A majority of Wichita school board members say they do not support allowing teachers to carry firearms in schools – an option under a bill approved by the Kansas House on Thursday.
“Forget it,” said board member Barbara Fuller, a retired teacher and former teachers union president.
“I cannot believe that it would even be a consideration in public schools. … I look at this Legislature, and I’m not sure where they come from or what they’re doing.”
Under House Bill 2055, known as the Personal and Family Protection Act, most public buildings would either have to have security checkpoints at public entries or allow Kansans with concealed-carry licenses to bring weapons inside.
In addition, local school boards and university and college presidents could designate employees who could carry concealed weapons inside their buildings.
Rep. Steve Brunk, R-Wichita, said he hopes school boards will take advantage of the law. “Just the fact that they can do that will give the bad guys pause,” he said. “Maybe they’ll think there could be consequences if I go into this building.”
But five of seven board members who set policy for Wichita schools, the state’s largest district, said they oppose allowing teachers to carry weapons.
“In general, I don’t feel guns belong in schools. That will always be my take,” said Sheril Logan, a former assistant superintendent for middle schools who was elected to the board in 2011.
It wouldn’t matter “whether a person has a right to carry a concealed gun – and I’m sure many of our teachers do,” she said. “A gun should be locked up and away from children. If you put a gun in a purse, in a locked closet, it’s not accessible to you anyway in an emergency-type situation.
“I just think there are better ways for us to (improve) security.”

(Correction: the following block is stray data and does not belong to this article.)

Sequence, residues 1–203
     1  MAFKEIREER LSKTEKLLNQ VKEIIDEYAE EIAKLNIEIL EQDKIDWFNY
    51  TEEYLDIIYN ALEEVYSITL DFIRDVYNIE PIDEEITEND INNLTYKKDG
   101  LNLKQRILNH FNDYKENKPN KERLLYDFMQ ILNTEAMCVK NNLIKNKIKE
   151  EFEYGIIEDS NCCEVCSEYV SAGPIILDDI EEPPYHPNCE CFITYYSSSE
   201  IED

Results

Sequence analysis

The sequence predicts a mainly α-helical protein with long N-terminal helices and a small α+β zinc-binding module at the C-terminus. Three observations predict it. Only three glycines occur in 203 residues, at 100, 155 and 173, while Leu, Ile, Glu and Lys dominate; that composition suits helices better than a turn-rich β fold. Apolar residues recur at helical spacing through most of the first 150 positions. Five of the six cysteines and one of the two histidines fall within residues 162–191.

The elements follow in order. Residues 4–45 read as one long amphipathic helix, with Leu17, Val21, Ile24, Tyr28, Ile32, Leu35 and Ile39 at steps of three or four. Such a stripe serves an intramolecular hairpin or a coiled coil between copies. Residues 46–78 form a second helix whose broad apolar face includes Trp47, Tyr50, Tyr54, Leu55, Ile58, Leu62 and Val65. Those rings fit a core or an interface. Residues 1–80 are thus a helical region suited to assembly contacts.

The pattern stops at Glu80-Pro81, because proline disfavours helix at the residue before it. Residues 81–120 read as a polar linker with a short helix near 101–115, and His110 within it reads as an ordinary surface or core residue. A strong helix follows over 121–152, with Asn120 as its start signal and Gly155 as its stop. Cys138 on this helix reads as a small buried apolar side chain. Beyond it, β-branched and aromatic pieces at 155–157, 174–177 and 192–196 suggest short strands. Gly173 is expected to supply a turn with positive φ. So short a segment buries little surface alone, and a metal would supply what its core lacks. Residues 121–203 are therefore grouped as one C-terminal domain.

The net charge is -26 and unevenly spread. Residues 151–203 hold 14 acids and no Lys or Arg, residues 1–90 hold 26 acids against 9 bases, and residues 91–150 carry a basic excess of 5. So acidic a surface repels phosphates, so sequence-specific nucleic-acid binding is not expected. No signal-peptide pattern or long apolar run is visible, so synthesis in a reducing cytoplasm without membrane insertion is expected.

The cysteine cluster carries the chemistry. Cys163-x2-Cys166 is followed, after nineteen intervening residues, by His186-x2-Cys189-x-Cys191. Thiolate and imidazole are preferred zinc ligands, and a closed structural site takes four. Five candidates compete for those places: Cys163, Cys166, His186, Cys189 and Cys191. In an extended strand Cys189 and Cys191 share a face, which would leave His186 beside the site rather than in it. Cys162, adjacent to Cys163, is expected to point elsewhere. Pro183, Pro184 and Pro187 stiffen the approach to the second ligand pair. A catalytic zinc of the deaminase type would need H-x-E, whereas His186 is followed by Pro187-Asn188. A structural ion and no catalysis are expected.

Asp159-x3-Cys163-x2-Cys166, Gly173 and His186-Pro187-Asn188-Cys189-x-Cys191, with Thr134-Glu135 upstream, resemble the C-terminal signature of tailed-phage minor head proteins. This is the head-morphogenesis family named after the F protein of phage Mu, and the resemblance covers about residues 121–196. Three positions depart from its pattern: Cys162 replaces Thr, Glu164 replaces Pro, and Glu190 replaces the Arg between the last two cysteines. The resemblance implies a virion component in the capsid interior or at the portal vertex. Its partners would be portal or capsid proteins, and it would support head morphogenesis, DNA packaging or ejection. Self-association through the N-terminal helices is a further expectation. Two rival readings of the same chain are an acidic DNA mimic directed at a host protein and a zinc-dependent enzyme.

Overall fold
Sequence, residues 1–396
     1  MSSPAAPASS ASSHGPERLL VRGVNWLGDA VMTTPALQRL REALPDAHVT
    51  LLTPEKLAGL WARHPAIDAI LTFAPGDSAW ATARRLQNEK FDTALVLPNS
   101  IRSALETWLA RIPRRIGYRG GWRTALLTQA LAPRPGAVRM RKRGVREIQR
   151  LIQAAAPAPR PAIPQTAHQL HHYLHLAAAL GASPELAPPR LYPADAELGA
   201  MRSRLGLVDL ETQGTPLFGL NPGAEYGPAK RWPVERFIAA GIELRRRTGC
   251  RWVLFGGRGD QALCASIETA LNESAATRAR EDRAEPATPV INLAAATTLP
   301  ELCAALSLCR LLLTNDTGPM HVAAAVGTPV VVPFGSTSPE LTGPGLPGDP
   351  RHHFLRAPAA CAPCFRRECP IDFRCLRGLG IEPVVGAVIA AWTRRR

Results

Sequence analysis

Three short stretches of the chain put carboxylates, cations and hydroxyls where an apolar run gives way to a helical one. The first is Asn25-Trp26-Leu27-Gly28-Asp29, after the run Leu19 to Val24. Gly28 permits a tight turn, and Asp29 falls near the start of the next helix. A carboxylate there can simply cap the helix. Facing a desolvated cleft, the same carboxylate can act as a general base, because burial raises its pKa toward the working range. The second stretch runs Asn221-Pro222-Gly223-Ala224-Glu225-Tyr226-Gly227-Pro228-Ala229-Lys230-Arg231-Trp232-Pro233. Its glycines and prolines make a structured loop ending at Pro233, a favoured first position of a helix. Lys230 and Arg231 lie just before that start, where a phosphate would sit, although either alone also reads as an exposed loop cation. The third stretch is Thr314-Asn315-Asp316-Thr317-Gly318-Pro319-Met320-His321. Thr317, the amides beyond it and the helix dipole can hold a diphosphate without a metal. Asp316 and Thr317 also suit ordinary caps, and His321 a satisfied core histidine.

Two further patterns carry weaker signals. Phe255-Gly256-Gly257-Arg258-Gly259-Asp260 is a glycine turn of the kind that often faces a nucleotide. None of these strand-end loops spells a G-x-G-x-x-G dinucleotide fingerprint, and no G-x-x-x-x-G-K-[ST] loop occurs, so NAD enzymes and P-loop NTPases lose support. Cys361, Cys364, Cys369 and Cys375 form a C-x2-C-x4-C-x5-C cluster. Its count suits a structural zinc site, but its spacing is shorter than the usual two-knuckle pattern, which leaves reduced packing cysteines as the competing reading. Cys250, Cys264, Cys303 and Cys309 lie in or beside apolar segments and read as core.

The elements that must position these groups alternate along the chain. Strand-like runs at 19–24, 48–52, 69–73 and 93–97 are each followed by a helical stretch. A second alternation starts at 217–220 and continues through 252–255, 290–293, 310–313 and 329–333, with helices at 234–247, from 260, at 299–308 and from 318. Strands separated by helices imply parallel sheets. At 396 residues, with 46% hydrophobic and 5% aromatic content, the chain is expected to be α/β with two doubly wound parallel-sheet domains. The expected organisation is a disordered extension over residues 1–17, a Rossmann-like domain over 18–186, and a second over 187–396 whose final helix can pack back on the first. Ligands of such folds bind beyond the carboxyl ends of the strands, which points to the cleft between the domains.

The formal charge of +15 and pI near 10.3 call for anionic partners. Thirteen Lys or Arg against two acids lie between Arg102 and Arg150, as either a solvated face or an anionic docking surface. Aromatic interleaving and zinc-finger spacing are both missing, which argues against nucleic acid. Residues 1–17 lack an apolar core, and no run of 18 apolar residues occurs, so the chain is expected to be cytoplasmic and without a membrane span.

Board member Lanora Nolan said she didn’t have enough information about the proposed legislation to comment Thursday. Messages left for Jeff Davis, a police sergeant and school board vice president, were not returned.
Three other board members – Lynn Rogers, Betty Arnold and Connie Dietz – said they would not support altering the district’s no-weapons policy to allow teachers to carry guns.
“I’m not for taking away a ban on weapons in schools,” Arnold said.
Under current district policy, only school resource officers – trained police officers who work in the high schools – are allowed to carry firearms. Dietz said she wouldn’t support changing that policy.
“If I was a teacher walking around my classroom with a gun strapped to my hip, I personally would not want to do that,” Dietz said. “I think there are other things school districts could do (to improve security), given the money to do it.”
Added Rogers, the board president: “Lots of people are looking for simple solutions to security issues, and I think this is one of them.”
The House passed the proposal on an 84-38 vote, and it now moves to the Senate.
The same bill contains what lawmakers say is a technical error that allows the open carrying of guns in the state Capitol.
Rep. John Wilson, D-Lawrence, said he wanted to let concealed-carry licensees take weapons into the Capitol since they would be allowed to carry in many other public places. But an error in drafting the bill allows open carry, a mistake that he said warrants more debate.
“This is not an insignificant mistake,” he said. Wilson opposes the bill overall.
The Capitol has armed guards and a metal detector at its two primary public entrances; other entrances can be accessed by state employees and contractors who have access badges.
Last year, Capitol security and Topeka police investigated a potential threat after someone spotted a truck near the Statehouse that had homemade fireworks and an empty gun holster in it. The suspect was caught in the tunnel linking the nearby Docking State Office Building to the Capitol. The suspect was later released and was not immediately charged with any crime.
The idea of letting people openly tote guns in the Capitol will almost certainly be stripped from the bill, Brunk said.
The House also passed House Bill 2199, known as the Second Amendment Protection Act, on a 94-29 vote.
Under it, Kansas-made guns and ammo would be immune from federal laws, and state officials could arrest and prosecute federal agents that try to confiscate Kansas-made weapons.
Rep. John Rubin, R-Shawnee, who drafted the act, said he expects the Senate to pass both bills and Gov. Sam Brownback to sign them, perhaps with some changes.